Spaceflight is entering a new era of civilian space tourism, commercial spacecraft, and missions to return to the Moon. However, most of today’s launches do not include capabilities for in-space rescue. Much like the early days of U.S. Navy submarines, where there were no options for rescuing survivors trapped in sunken ships, there are limited options for the rescue of distressed spacecraft in low Earth orbit.
History can provide some answers. The Apollo 13 lunar module was adapted to sustain its crew on the journey back to Earth after an oxygen tank exploded. SkyLab missions and the final space shuttle mission servicing the Hubble Space Telescope traveled with rescue rockets and spacecraft. However, a reliable method of modern in-space rescue has yet to be adopted.
According to Grant Cates, Aerospace Senior Project Leader, the best time to plan for an in-space rescue is before the need arises. We caught up with Cates to explain more about what can be done now to mitigate risk and discuss the needs of this new era of space travel.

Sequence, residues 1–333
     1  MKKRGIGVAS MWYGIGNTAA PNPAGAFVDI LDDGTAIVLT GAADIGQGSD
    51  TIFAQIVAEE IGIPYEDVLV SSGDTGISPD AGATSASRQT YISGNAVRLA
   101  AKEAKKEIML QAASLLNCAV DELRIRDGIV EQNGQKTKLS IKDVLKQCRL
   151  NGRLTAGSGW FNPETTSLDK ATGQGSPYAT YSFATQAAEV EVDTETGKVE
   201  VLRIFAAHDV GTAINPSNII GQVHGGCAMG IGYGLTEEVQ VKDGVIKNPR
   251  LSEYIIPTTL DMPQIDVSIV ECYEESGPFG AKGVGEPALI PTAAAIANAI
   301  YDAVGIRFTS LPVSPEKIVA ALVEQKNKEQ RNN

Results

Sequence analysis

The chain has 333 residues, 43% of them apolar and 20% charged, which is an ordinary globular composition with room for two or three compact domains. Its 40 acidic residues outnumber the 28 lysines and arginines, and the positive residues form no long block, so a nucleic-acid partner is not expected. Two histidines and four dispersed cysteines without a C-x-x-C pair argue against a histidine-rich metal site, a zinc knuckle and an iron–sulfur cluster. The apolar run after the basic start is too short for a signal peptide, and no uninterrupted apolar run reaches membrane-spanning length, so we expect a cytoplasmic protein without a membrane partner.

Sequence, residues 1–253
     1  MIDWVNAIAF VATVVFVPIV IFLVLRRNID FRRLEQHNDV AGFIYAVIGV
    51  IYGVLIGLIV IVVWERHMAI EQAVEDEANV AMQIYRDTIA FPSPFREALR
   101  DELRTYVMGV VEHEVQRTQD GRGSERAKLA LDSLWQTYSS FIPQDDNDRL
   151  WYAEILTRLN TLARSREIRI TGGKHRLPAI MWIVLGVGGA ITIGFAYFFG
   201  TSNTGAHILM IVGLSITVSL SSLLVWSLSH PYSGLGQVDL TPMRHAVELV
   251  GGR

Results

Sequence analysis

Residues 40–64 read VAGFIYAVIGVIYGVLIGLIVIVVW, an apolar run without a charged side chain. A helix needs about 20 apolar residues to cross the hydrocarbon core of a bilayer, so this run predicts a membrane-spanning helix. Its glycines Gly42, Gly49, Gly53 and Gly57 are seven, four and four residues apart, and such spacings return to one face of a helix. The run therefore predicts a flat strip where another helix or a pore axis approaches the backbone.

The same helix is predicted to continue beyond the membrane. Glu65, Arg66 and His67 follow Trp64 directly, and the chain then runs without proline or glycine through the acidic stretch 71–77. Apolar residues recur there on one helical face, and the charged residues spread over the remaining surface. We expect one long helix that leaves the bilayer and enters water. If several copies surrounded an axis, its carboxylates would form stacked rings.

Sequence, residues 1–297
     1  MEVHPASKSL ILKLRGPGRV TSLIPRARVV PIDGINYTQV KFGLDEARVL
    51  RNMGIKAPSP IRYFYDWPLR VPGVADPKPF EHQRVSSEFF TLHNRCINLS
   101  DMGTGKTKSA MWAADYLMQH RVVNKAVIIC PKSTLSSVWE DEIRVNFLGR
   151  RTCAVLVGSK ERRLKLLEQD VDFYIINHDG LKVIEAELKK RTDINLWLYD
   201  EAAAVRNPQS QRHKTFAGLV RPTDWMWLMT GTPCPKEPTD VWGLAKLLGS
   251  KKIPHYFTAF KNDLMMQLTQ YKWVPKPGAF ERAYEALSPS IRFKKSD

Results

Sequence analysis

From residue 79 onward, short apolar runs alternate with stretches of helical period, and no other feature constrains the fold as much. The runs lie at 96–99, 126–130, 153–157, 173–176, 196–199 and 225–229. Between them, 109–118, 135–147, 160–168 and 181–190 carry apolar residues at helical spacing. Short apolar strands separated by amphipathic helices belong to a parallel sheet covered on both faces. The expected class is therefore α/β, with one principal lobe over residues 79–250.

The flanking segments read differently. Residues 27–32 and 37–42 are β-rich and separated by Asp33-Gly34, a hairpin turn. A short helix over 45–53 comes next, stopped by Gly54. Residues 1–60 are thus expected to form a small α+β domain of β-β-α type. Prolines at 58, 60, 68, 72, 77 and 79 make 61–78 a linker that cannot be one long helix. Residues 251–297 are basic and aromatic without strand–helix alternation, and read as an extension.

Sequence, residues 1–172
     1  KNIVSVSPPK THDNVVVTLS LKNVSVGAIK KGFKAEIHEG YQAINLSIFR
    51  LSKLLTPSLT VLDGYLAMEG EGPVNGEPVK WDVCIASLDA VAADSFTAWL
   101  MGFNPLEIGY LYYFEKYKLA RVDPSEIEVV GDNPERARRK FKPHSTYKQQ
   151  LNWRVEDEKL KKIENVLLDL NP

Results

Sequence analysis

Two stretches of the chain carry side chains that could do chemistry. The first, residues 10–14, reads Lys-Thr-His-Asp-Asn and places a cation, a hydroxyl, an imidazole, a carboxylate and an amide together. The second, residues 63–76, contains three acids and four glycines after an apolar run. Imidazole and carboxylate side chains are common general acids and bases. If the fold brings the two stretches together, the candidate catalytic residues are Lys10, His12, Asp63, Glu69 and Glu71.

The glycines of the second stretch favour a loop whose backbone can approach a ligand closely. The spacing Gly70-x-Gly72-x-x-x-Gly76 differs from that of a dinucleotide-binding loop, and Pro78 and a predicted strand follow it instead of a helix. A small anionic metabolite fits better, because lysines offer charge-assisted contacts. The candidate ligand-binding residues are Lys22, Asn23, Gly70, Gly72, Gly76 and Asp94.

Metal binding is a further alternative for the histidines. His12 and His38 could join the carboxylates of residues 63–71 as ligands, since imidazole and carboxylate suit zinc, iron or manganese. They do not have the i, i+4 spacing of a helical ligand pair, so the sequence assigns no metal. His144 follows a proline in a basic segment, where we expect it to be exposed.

What exactly is in-space rescue?
In-space rescue refers to rescuing astronauts from a disabled spacecraft in space, analogous to rescuing sailors from a sunken submarine. Only after tragic accidents were submarine rescue capabilities developed. The hope is to have in-space rescue capabilities in place before we need them.
Why did you start investigating the issue of in-space rescue?
The Columbia Accident Investigation Board report described how the tragic outcome of the Space Shuttle Columbia could have been avoided had officials recognized the shuttle’s thermal protection system was compromised. During launch, a large piece of insulation broke loose from the External Tank and struck the leading edge of Columbia’s wing. In an in-space rescue scenario, the next shuttle planned for launch, Atlantis, could have been adapted for a rescue mission. It would have been challenging — as it would have required conservation of resources and spacewalks between the two vehicles — but feasible.
After the loss of Columbia, I began working on in-space rescue scenarios for future space shuttle missions. NASA established a policy of designating the next shuttle planned for launch as a rescue vehicle and needed to ensure the shuttle could be launched in a timely fashion. My job was to develop the probability assessment of rescue capability for each mission.
What are some of the gaps for in-space rescue capability currently?